For more information on these wonderful beacons, please see Roger Derham's fascinating Windsong blog






Wednesday, October 25, 2017

Bealtra beacons and lights


Well, its been an incredibly slim-pickings year for this blog, not having had the opportunity of visiting any of the coastal communities around Ireland. A late September hiking trip to the Iveragh peninsular (Ring of Kerry) offered up these pitiful few photos. We were hiking around Derrynane, ascended a cliff at the west end of the townland and below us caught a glimpse of Bealtra Bay.


There appear to be two markers, red and green at the outer entrance of the bay and then a third stone pillar nearer to the quay, probably to line up the correct approach to land. The bottom picture gives a decent view of the relationship between the three.


As things happened, it was a dull and drizzly day, that resulted in dull and drizzly photographs.




Saturday, November 19, 2016

Lighthouse Posters

Roger Reilly has spent the last year or so illustrating the lighthouses around the coast of Ireland. The body of work that he has produced is quite amazing and the results of his work can be found here and here. When I think that my blog involves finding the lighthouses and then taking a few quick amateur snaps, the months of effort that must have gone into the design and production of these posters is truly amazing
I give examples here of three of his posters, all of which are available for purchase. Roger has done over sixty sea and harbour lights around the coast and they are available as a poster of 16 or singly. If your ancestor was a lighthouse keeper, or if you hail from a particular coastal part of Ireland, or if you simply like the vivid colour of the posters, they'd be a great purchase, particularly at this time of the year. I should point out that Roger's work is not limited to lighthouses but encompasses many cultural areas of Irish life.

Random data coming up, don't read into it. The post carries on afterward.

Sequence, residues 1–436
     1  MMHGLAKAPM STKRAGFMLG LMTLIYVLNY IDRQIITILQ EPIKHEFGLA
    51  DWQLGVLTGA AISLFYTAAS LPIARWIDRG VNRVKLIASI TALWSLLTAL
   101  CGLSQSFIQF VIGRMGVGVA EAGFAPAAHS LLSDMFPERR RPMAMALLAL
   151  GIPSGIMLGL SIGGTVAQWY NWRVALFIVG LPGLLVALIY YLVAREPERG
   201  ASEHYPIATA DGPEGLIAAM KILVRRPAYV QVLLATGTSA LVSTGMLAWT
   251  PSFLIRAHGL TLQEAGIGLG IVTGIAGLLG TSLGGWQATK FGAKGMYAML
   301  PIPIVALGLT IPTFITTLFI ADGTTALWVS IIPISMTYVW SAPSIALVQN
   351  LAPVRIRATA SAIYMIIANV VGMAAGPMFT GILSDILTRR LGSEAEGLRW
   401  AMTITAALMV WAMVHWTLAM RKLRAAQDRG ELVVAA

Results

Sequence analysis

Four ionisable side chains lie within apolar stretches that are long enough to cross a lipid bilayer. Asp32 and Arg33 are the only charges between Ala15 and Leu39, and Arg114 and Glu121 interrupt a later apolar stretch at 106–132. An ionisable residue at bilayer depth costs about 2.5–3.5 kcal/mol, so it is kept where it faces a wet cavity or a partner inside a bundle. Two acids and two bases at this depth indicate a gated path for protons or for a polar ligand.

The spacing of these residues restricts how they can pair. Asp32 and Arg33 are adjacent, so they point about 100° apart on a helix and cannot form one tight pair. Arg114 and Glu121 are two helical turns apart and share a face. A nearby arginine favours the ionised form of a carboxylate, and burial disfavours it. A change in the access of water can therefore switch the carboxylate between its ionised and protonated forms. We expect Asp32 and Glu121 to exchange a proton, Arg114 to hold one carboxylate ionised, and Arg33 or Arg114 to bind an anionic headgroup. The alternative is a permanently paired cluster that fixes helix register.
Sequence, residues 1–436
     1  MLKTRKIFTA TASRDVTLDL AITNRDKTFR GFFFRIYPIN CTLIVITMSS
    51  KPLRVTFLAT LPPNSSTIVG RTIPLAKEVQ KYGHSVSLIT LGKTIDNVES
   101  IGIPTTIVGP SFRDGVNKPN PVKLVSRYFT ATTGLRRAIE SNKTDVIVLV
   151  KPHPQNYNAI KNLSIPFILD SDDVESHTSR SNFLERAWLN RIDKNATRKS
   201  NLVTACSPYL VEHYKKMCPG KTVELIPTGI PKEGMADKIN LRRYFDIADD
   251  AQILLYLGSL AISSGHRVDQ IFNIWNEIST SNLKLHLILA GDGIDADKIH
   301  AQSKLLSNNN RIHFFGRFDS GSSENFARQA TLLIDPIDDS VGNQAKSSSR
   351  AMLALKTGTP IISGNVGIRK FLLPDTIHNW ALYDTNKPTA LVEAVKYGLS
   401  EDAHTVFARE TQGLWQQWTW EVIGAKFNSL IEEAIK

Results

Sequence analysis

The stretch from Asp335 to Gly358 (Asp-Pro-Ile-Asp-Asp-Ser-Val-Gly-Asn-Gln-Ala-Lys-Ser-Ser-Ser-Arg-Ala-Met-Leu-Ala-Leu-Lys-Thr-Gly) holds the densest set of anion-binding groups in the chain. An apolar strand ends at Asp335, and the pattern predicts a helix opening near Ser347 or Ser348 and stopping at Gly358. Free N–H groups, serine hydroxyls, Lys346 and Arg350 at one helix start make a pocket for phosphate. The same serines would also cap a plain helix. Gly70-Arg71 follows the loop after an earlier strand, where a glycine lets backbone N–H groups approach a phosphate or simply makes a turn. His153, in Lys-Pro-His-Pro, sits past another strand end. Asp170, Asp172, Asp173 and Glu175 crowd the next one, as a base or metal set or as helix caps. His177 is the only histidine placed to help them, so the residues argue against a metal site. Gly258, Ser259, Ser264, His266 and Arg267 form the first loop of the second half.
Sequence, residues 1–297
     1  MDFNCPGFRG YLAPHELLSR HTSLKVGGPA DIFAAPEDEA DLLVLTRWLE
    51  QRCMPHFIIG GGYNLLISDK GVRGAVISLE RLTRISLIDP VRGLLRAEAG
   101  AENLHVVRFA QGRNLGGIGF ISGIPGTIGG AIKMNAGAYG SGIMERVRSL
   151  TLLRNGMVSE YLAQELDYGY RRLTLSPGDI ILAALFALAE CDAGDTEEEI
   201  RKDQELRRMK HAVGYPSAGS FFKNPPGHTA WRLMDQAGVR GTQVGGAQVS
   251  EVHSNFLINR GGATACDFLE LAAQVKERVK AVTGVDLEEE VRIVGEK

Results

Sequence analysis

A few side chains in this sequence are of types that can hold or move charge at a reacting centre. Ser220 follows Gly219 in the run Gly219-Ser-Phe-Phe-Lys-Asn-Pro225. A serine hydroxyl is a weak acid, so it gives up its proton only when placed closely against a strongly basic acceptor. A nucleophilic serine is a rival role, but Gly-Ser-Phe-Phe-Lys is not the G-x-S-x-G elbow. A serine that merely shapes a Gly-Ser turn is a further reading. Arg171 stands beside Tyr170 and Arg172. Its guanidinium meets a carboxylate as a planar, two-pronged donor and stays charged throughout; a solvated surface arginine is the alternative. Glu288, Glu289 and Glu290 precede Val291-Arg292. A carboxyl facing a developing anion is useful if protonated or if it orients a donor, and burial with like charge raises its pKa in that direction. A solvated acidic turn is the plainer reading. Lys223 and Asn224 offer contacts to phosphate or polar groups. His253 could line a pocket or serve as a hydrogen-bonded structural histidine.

Sunday, November 6, 2016

Irish Postage Stamps


Don't know if anyone has seen the latest set of postage stamps from an Post, the Irish Postal Service. The set illustrates the many facets of the work of the Commissioner of Irish Lights. The stamps show (from top left working clockwise) CIL working on a buoy; a helicopter at Fanad Head lighthouse; the CIL HQ in Dun Laoghaire; and the CIL service vessel Granuaille steaming past a lighthouse. I've actually been trying to figure out which lighthouse it is. Rotten Island? Dingle? Looks west of Ireland anyway.

Tuesday, November 1, 2016

Kilcredaune Head


I actually bagged Kilcredaune Head Lighthouse before the two at Corlis Point (previous two posts) but because lighthouse-spotting has probably come to an end for the winter, I preferred to leave this more aesthetically pleasing lighthouse up on my home page, rather than a concrete hut or skeletal tower.


To find the lighthouse, it would depend if you are coming from Kilkee or Loop Head. From Kilkee, take the road for Carrigaholt. Go through this village and keep going out the other side. After about one mile, the road bends around to the right, while a smaller road goes straight on. You need to go straight on. 
From Loop Head, when you get to Kilbaha, leave the R487 and branch left onto the L2002 to Carrigaholt. About a mile from the latter, the road bends around to the left, but you need to take the smaller road to the right.
Okay, we're both on the same road. The road gets smaller and grassier. Eventually you come to a closed red gate. I suppose you could open up the gate and drive up but I parked up and walked it. its about 300 yards to the lighthouse.


There was a Corsa parked outside so I assumed there was somebody in the keeper's cottage but though I rang and knocked, I got no reply. Your view of the tower is somewhat obscured by outhouses but if you wander around the cottage it will bring you out to the front, where a good photograph can be had. Its a bit squat but a nice looking lighthouse nonetheless. The outhouses are in poor nick. The front door of the cottage looks well worn but apart from that, everything looks okay. The light was deactivated on 3rd March 2011. 


The lighthouse here was established in 1827 and is 13 meters high. It became unwatched in 1929 and fully automatic in 1991. It had a white light flashing one second in six. The white tower is 43 feet high (about 14 meters) 


Sat nav - 52° 34.8´ N 9° 42.6´ W




Presumably this is some kind of radar?